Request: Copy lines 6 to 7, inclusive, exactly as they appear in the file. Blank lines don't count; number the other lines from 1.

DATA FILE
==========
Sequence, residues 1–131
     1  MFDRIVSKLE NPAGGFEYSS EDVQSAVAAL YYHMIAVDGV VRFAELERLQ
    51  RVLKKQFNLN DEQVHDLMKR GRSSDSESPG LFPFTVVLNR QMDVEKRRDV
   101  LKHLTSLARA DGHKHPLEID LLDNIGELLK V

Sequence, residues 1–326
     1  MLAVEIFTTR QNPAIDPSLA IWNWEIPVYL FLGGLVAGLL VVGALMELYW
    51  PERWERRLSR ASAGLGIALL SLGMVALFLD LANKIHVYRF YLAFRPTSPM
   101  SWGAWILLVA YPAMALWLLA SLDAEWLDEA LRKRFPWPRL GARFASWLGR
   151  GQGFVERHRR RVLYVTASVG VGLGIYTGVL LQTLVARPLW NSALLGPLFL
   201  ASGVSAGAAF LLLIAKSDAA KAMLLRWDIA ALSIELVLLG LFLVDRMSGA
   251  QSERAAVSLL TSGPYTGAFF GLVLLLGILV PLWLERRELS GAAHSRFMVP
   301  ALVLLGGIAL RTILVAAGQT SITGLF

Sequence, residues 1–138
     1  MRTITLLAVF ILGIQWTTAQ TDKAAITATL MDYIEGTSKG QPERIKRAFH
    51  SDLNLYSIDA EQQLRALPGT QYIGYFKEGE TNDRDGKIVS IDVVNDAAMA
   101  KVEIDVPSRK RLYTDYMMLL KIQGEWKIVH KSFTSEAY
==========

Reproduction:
     1  MLAVEIFTTR QNPAIDPSLA IWNWEIPVYL FLGGLVAGLL VVGALMELYW
    51  PERWERRLSR ASAGLGIALL SLGMVALFLD LANKIHVYRF YLAFRPTSPM